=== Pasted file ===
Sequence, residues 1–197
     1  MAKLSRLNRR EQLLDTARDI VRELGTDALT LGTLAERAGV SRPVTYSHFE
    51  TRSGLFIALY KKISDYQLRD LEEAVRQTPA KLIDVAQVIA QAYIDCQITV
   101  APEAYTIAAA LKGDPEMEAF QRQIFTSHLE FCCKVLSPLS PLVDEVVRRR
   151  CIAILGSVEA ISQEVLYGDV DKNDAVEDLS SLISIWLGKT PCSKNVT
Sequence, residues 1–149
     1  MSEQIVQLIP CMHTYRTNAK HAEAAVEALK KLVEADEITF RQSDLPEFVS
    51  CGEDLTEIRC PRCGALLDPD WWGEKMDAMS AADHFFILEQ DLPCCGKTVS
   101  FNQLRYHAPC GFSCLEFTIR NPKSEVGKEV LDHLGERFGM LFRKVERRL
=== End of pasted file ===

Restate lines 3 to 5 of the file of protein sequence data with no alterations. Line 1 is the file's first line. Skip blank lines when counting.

    51  TRSGLFIALY KKISDYQLRD LEEAVRQTPA KLIDVAQVIA QAYIDCQITV
   101  APEAYTIAAA LKGDPEMEAF QRQIFTSHLE FCCKVLSPLS PLVDEVVRRR
   151  CIAILGSVEA ISQEVLYGDV DKNDAVEDLS SLISIWLGKT PCSKNVT